I read Gavin Lloyd Wilson's article about black rabbits with particular interest. It has been a subject that has been lurking at the back of my cryptozoological consciousness for some years. According to accepted wisdom, although rabbits were once native to Britain in the middle Pleistocene - as written by Sir Christopher Lever in his latest edition of The Naturalized Animals of Britain and Ireland (2009) - and although they were kept in Roman times when they were well known as a (somewhat revolting) delicacy called laurices, they were not mentioned in the Domesday Book of 1086 and appear not to have been released into the wild in this country until some time after the Norman Conquest.
Some years ago a friend of mine - the late Jane Bradley, the original CFZ art director who was tragically killed in 1995 - showed me a book on Cornish legends that had belonged to an elderly relative. In it was a claim that the rabbit had been a sacred animal to the Cornish tin miners and that like so much else of their lore it had been directly inherited from the Phoenician tin traders who plied their trade between their homeland in the Middle East and the south-western peninsular of these islands. Jane told me that her father had made somewhat of a study of such things and believed that the Phoenicians had brought wild rabbits from their homeland and introduced them to the UK at least 1,000 years before they were introduced by the Normans. He went on to say that the rabbits in the wilds of Cornwall were smaller and darker than those elsewhere in the country.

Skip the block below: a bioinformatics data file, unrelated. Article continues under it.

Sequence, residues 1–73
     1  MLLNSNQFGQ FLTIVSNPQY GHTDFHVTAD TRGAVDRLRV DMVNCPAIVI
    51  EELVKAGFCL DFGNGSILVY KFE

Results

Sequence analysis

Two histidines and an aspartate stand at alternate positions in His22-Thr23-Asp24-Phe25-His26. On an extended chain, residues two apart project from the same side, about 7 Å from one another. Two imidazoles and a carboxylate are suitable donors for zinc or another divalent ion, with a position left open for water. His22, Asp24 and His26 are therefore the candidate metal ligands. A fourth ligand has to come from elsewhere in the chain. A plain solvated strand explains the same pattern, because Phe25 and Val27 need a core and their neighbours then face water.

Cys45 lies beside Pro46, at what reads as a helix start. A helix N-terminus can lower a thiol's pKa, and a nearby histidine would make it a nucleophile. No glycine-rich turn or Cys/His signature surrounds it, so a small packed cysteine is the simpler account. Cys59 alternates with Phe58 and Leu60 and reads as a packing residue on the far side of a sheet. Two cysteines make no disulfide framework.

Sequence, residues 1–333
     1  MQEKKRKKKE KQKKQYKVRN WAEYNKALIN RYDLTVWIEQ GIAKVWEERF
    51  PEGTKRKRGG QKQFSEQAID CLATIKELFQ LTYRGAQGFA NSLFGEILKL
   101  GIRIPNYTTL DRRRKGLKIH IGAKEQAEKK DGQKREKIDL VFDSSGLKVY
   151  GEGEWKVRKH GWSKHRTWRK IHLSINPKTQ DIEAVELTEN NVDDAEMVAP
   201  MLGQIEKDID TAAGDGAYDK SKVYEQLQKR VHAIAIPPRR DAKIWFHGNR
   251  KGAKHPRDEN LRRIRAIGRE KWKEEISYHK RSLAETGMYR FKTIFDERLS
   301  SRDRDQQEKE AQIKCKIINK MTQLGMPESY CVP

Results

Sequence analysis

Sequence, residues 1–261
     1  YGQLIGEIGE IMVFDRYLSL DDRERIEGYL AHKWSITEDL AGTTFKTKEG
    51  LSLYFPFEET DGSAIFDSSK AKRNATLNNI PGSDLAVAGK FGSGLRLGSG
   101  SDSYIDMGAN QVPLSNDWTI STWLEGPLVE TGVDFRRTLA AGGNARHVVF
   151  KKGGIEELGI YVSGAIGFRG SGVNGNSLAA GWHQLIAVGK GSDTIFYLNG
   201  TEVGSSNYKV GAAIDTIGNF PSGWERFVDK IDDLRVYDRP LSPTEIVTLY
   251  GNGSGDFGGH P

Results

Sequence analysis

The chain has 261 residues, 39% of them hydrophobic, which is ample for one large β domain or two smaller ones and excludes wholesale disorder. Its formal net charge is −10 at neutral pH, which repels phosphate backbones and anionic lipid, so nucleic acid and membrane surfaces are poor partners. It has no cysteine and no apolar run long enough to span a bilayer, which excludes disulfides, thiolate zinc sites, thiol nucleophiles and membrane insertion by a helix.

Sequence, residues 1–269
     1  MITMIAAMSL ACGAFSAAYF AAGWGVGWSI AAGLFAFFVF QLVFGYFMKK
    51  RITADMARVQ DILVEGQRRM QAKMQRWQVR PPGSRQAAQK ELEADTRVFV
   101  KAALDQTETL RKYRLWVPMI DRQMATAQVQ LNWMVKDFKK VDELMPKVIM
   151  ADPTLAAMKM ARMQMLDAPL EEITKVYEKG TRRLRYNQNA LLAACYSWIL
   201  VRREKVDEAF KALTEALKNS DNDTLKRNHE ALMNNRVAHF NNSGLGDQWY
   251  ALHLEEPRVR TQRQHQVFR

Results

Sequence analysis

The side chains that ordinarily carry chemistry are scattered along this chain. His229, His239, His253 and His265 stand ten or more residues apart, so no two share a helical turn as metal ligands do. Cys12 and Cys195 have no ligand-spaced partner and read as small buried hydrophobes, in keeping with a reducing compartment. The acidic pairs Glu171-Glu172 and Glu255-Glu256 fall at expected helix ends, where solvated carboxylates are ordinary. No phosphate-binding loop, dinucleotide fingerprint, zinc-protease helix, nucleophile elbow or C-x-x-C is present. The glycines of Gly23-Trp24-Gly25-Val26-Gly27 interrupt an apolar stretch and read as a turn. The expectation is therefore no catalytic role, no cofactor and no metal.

Mr Bradley is also long dead, I cannot remember the name of the folklore book and although over the years I have thought vaguely about this conundrum, I would be lying to say that I had given it any serious thought whatsoever.
Some years ago when Corinna and I went to Jersey on a sacred pilgrimage to Les Augres Manor we found a Channel Islands guidebook that claimed that the rabbits of one of the islands (I think Alderney, but as I can't find the guidebook now it is only a supposition) tend to be smaller and darker than those on the mainland, but whether there are any significant links between the Channel Islands and the Phoenician tin traders of the first millenium I know not.
Is this all just a tissue of nonsense that I got at third-hand from a long dead alcoholic, or could there actually be some small grain of truth? I give this story to you of the bloggo readership as it stands; one of those mildly intriguing little stories that has been floating around the intersteces of my mental filing cabinet for the last 20-odd years. Make of it what you will, and if anyone out there has anything to add to this story please do not hesitate to get in touch.